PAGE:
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Parallels through P

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  • Antreas P. Hatzipolakis
    Let ABC be a triangle, and P a point. The parallel through P to BC intersects AB, AC at Ab, Ac, resp. The parallel through P to CA intersects BC, BA at Bc, Ba,
    Message 1 of 2 , Apr 29, 2004
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      Let ABC be a triangle, and P a point.

      The parallel through P to BC intersects AB, AC at Ab, Ac, resp.

      The parallel through P to CA intersects BC, BA at Bc, Ba, resp.

      The parallel through P to AB intersects CA, CB at Ca, Cb, resp.

      1. For which P we have that BcCb = CaAc = AbBa ?

      2. Which is the locus of P such that

      k * (BcCb + CaAc + AbBa) = (BC + CA + AB) ?

      where k = given real


      APH
      --
    • Darij Grinberg
      Dear Antreas, ... For any point P with homogeneous trilinears P ( x : y : z ), we have BcCb = a^2 x / (ax + by + cz), and similarly we can find CaAc and AbBa.
      Message 2 of 2 , Apr 29, 2004
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        Dear Antreas,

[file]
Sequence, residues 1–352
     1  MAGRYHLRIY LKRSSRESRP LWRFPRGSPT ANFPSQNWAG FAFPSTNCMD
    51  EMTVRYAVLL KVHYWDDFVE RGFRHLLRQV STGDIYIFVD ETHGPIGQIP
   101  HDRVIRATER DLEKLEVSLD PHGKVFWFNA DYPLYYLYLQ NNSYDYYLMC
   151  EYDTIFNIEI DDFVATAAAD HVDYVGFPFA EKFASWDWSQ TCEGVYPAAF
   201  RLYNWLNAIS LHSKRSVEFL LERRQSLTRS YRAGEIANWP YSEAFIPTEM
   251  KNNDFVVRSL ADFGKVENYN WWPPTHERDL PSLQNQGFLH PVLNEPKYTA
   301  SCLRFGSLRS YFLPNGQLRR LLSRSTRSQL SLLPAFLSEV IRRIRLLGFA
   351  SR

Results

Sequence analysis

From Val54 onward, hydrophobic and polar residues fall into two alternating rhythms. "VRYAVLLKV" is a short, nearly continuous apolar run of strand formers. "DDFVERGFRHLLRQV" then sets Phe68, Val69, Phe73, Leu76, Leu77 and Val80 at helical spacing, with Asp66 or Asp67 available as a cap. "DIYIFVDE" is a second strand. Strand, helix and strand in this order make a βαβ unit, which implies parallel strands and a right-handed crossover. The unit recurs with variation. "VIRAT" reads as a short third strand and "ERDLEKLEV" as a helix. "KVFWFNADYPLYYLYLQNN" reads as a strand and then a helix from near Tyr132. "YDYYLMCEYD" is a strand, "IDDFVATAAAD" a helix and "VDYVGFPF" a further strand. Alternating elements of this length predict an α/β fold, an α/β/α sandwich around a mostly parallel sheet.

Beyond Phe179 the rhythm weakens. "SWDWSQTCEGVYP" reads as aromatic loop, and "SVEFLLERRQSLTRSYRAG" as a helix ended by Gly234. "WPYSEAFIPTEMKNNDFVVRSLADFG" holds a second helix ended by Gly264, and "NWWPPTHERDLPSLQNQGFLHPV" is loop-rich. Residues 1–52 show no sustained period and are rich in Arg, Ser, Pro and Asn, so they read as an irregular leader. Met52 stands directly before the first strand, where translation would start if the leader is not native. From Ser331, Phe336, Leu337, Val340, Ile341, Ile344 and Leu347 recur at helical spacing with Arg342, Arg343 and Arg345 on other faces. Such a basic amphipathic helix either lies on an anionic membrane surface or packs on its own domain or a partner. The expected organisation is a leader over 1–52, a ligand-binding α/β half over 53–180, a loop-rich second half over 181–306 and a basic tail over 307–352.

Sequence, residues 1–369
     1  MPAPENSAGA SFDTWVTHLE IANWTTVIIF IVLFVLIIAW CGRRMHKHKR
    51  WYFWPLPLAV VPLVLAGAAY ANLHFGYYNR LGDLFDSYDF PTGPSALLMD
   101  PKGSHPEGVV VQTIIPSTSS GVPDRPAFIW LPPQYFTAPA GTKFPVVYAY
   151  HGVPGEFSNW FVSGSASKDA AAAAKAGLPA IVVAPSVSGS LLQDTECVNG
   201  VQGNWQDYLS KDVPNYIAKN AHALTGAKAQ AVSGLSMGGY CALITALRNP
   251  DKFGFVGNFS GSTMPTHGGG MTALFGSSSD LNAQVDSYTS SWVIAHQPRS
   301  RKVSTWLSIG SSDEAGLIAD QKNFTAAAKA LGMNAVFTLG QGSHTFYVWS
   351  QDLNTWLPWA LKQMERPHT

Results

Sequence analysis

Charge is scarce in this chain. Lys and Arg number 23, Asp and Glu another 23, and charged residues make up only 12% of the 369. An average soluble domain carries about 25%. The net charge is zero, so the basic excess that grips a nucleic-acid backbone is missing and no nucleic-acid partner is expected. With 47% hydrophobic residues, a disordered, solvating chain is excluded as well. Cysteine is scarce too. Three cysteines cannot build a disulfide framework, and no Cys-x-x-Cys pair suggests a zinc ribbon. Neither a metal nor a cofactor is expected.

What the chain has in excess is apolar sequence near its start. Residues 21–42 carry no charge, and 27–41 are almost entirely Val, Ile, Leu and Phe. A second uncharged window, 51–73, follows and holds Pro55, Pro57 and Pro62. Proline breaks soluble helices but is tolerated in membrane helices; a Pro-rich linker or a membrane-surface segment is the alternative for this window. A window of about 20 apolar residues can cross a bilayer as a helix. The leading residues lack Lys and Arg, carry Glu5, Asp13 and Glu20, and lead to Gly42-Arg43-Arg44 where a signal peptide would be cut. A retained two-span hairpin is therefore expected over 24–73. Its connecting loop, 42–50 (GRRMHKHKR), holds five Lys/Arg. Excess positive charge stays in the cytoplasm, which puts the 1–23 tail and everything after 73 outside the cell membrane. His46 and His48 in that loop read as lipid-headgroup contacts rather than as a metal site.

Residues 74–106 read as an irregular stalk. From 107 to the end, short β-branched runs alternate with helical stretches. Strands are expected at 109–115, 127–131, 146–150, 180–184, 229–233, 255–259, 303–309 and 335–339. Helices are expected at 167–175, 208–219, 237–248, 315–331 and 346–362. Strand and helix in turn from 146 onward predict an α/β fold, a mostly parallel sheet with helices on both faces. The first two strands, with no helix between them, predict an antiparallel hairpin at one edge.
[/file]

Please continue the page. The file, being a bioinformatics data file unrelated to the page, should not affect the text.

In Hyacinthos message #9756, you wrote:

        >> The parallel through P to BC intersects AB,
        >> AC at Ab, Ac, resp.
        >>
        >> The parallel through P to CA intersects BC,
        >> BA at Bc, Ba, resp.
        >>
        >> The parallel through P to AB intersects CA,
        >> CB at Ca, Cb, resp.

        For any point P with homogeneous trilinears
        P ( x : y : z ), we have

        BcCb = a^2 x / (ax + by + cz),

        and similarly we can find CaAc and AbBa.

        >> 1. For which P we have that BcCb = CaAc = AbBa ?

        This is for P = X(75), the isotomic conjugate
        of the incenter of triangle ABC. In this case,

        BcCb = CaAc = AbBa = 1 / (1/a + 1/b + 1/c).

        >> 2. Which is the locus of P such that
        >>
        >> k * (BcCb + CaAc + AbBa) = (BC + CA + AB) ?
        >>
        >> where k = given real

        This locus is the line with the trilinears

        ( ka^2 - a(a+b+c) : kb^2 - b(a+b+c) : kc^2 - c(a+b+c) ).

        Especially, for k = 1, we get the line with
        the trilinears

        ( a(b+c) : b(c+a) : c(a+b) ).

        And for k = infinity, i. e. for
        BcCb + CaAc + AbBa = 0, we get the line with
        the trilinears

        ( a^2 : b^2 : c^2 ),

        i. e. the isogonal tripolar of X(75).

        Nice problem, Antreas!

        Friendly,
        Darij Grinberg
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